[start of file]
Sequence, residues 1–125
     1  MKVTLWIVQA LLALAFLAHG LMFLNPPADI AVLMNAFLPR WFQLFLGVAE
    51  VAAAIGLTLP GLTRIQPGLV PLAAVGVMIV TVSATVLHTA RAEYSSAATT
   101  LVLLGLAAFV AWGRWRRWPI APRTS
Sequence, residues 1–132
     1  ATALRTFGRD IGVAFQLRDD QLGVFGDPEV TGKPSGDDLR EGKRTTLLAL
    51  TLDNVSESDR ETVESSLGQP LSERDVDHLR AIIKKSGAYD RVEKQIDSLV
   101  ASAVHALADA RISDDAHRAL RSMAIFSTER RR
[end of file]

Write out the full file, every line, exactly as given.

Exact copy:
Sequence, residues 1–125
     1  MKVTLWIVQA LLALAFLAHG LMFLNPPADI AVLMNAFLPR WFQLFLGVAE
    51  VAAAIGLTLP GLTRIQPGLV PLAAVGVMIV TVSATVLHTA RAEYSSAATT
   101  LVLLGLAAFV AWGRWRRWPI APRTS
Sequence, residues 1–132
     1  ATALRTFGRD IGVAFQLRDD QLGVFGDPEV TGKPSGDDLR EGKRTTLLAL
    51  TLDNVSESDR ETVESSLGQP LSERDVDHLR AIIKKSGAYD RVEKQIDSLV
   101  ASAVHALADA RISDDAHRAL RSMAIFSTER RR